“People want to click on something that is relevant to their lives,” Venkatesan said. “They also like to share stories that fit into good conversations – information that they can share with friends or family, or in social situations.”

Some Stories Just Tug at Your Heartstrings

When Brandon Rogers, a new doctor and aspiring singer, was killed in a car accident on June 10, 2017, the UVA community lost an outstanding alumnus who had made an outsized impact on the world. Not only had the 29-year-old recently started his first year of residency at Riverside Brentwood Medical Center in Newport News, he had also wowed judges on “America’s Got Talent” and lived out a dream singing with Boyz II Men in Las Vegas.

Shortly after his death, UVA Today spoke with Rogers’ tight-knit group of UVA friends to learn more about him and share his life with the wider UVA community.

Such stories are emotional to report and to read. Rogers’ story, “Remembering Brandon Rogers, the Doctor Who was Ready for the Big Stage,” powerfully touched UVA Today’s audience, landing near the top of our pageviews list with 73,202 views and testifying to Rogers’ remarkable impact.

Interestingly, the largest chunk of those views – about 27,000 of them – came from “direct” traffic, meaning visits that our web tracking software cannot attribute to a specific source. Often this category includes text message or email links, as one reader shares the article with a friend. In this case, Rogers’ friends and family likely shared his story in text messages, email chains and large messaging groups like WhatsApp.

“It was a powerful story, and people amplified its message by sending it directly to others,” Venkatesan said.  

In the end, Rogers’ friends and family drove tens of thousands of people to learn more about his life.

Perfectly Google-able Headlines Draw You In

Have you ever wondered why Edgar Allan Poe wrote “Quoth the raven, nevermore” in his famous poem, “The Raven”? So, it turns out, have many other people.

The headline on this story about one of UVA’s most famous drop-outs – “Why Did Poe Write, ‘Quoth the Raven, Nevermore’?” – is a near exact match for a popular Google query about the poem.

Accordingly, nearly 44,000 of the story’s 48,745 pageviews come directly from Google. The search engine regularly registers as one of the site’s top traffic drivers, but not usually at that overwhelming percentage. What’s more, the views did not come all at once, like they would with social media or email traffic, but rather in a slow, steady drip over the years as thousands of different people have asked Google about Poe’s most iconic poem.

“Why Did Poe Write, ‘Quoth the Raven, Nevermore’?" Pageviews

It is a good example of search engine optimization, in which digital marketers tailor specific keywords and headlines to popular Google searches, making their page rank higher in Google’s search results.

You Can’t Resist Celebrities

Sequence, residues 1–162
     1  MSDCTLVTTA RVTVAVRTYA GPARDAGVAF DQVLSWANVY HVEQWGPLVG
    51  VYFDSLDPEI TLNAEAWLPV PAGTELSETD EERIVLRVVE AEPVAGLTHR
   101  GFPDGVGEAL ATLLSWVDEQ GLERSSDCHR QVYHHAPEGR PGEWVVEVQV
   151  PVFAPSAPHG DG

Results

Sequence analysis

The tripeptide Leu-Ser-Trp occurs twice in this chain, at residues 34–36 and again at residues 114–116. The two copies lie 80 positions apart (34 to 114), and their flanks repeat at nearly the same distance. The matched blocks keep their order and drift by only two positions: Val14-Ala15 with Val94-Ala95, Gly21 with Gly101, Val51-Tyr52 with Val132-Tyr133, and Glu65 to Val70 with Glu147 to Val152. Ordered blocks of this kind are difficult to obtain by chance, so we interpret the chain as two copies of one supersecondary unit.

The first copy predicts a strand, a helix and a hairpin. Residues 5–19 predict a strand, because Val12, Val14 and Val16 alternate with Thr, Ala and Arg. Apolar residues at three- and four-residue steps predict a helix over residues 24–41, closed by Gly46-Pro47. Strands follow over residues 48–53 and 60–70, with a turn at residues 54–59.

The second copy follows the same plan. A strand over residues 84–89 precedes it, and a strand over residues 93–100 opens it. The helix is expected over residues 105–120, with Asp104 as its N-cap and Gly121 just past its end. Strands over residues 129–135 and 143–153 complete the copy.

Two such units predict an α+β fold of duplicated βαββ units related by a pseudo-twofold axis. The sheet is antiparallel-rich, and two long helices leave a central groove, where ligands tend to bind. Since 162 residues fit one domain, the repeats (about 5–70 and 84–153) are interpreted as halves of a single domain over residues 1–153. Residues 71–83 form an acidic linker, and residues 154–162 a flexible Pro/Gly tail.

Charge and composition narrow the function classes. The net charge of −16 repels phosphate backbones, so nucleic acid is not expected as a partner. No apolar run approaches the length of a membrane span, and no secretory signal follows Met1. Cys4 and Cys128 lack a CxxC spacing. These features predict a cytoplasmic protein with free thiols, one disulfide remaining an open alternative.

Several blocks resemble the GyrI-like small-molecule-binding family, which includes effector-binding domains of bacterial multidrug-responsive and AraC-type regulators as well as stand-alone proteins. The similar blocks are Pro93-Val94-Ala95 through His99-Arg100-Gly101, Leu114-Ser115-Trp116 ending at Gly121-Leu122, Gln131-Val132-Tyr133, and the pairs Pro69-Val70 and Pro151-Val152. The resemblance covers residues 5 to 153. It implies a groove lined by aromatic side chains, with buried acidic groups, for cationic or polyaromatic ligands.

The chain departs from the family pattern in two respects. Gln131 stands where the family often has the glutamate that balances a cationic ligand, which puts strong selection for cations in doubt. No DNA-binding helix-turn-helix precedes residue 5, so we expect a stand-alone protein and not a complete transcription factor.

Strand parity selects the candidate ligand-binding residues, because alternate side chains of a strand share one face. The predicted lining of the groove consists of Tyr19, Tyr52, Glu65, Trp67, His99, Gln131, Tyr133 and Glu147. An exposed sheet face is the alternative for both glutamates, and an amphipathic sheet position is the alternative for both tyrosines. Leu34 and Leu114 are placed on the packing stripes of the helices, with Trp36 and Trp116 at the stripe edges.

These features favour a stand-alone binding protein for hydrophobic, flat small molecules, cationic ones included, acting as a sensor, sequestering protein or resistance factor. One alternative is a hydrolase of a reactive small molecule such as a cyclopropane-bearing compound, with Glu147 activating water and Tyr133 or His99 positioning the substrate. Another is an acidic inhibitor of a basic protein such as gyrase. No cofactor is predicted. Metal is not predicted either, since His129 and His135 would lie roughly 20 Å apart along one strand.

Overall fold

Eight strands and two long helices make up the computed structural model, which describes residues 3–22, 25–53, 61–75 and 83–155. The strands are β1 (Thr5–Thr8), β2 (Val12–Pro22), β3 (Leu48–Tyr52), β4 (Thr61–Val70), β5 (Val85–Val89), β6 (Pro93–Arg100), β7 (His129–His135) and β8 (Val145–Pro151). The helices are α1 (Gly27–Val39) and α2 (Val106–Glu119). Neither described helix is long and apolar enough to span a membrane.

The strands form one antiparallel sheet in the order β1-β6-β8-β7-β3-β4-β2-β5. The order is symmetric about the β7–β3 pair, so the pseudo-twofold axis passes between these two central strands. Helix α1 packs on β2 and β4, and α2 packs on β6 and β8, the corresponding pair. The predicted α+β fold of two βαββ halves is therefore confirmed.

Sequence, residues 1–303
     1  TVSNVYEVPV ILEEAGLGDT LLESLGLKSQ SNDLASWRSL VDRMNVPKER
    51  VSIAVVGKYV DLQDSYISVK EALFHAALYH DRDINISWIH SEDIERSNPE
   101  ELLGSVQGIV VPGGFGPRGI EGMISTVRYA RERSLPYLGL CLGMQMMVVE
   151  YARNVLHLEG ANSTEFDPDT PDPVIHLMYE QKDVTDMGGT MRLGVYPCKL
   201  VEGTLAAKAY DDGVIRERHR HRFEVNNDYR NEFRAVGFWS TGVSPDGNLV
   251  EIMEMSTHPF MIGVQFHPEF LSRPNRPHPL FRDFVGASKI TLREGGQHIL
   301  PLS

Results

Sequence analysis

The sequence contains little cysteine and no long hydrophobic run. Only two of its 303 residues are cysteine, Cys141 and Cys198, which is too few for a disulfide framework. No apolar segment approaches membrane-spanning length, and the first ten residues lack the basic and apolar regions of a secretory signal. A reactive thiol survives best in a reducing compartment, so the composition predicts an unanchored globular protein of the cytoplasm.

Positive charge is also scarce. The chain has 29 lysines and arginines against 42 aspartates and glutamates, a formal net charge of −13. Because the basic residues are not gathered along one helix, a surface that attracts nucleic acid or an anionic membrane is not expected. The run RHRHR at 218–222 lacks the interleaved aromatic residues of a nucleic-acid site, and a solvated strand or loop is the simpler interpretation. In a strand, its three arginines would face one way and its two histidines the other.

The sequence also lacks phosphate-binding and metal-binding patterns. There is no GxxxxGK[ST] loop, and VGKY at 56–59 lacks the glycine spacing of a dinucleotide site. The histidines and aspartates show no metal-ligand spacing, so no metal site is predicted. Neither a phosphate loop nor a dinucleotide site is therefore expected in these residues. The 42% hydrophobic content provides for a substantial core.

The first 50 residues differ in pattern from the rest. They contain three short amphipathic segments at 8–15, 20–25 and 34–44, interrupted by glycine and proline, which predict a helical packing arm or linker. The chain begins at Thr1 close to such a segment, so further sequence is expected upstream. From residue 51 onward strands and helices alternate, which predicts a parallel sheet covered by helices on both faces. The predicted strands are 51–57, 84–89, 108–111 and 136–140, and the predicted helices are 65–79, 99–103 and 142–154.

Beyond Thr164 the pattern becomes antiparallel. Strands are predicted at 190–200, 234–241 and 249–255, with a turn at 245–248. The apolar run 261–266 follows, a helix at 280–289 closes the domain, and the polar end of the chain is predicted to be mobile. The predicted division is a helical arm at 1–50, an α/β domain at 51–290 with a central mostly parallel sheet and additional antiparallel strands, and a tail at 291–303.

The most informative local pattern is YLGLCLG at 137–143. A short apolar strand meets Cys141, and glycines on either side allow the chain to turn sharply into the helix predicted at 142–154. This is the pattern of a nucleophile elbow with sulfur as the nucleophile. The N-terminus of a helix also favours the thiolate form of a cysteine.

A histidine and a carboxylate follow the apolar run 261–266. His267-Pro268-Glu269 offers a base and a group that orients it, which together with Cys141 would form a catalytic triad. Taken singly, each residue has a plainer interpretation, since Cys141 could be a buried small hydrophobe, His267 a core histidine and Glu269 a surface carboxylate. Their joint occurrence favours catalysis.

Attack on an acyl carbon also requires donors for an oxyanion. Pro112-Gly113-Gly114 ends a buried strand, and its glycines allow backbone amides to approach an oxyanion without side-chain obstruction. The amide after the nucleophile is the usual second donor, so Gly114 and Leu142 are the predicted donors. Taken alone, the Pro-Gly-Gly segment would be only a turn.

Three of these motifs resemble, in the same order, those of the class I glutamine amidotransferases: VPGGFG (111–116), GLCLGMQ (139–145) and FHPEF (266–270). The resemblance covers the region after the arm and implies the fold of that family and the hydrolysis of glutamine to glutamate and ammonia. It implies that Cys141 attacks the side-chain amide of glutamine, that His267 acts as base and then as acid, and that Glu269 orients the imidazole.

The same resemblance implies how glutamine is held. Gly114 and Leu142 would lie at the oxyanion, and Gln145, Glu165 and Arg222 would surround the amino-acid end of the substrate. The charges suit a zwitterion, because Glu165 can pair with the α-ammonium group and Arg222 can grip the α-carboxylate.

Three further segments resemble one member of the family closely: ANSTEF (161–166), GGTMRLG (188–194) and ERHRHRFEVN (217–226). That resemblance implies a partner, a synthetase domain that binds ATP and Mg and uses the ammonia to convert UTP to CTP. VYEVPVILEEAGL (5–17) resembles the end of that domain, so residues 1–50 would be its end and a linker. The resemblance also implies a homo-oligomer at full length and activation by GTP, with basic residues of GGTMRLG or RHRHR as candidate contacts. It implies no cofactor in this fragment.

Some of our most-clicked stories involve some pretty big names.

In January 2017, the “Two Blind Brothers” – UVA alumni Bradford and Bryan Manning, who both live with a degenerative eye disease and launched a clothing company supporting blindness research – went on “The Ellen DeGeneres Show.” They left with a $30,000 check and plenty of great publicity, including the 36,704 pageviews on their UVA Today story, “Ellen DeGeneres Had a Big Surprise for UVA’s ‘Two Blind Brothers.

Another story had what you might call a royal flush: Two ’Hoos, two royals and tennis star Serena Williams. Religious studies professor Charles Marsh and alumnus and tech entrepreneur Alexis Ohanian played noteworthy roles in May as Britain’s Prince Harry wed American actress Meghan Markle. Marsh’s friend, the Most Rev. Michael Curry, quoted the professor’s book in his stirring sermon. Ohanian, who co-founded the online hub Reddit while at UVA, was there to hear it, accompanying his wife, Williams, to see her good friend, Markle, say her vows. The UVA Today story chronicling those royal Wahoo connections – “Did You Spot the UVA Connections in Saturday’s Royal Wedding? – earned 27,437 pageviews.

Venkatesan attributed the success of such celebrity-driven stories to the thrill that comes from having a personal connection with the rich and famous, even if only online.

“Again, it is a kind of social currency,” he said.

Big UVA News – Especially if it is Announced From the Rotunda – Will Always Be a Hit

Of course, some of our biggest numbers also come from some of UVA’s biggest news.

The 2015 rediscovery of a previously lost chemistry hearth within the Rotunda during the massive Rotunda restoration prompted widespread fascination and 37,594 pageviews for the UVA Today story, “Jeffersonian-Era Chemistry Hearth Preserved in Rotunda Wall.”

Naturally, the Sept. 15, 2017 announcement of Jim Ryan as UVA’s ninth president also generated a lot of readership. More than 36,164 of you visited the breaking news announcement, “Board of Visitors Selects James E. Ryan as University of Virginia’s Next President,” on UVA Today that day.

“News like that will be a good conversation-starter among UVA alumni, of course, and those who know about it first get the pleasure of passing along to their friends,” Venkatesan said.

Vaidhyanathan agreed, noting that such stories also generate a lot of activity among Facebook users, in turn prompting the story to creep higher in the company’s algorithm.

“Those announcements will usually generate a lot of clicks, likes and shares, which will in turn be amplified by Facebook’s algorithm,” he said. “Members of the UVA community love to share in proud moments for the UVA community.”

Media Contact

Caroline Newman

Associate Editor Office of University Communications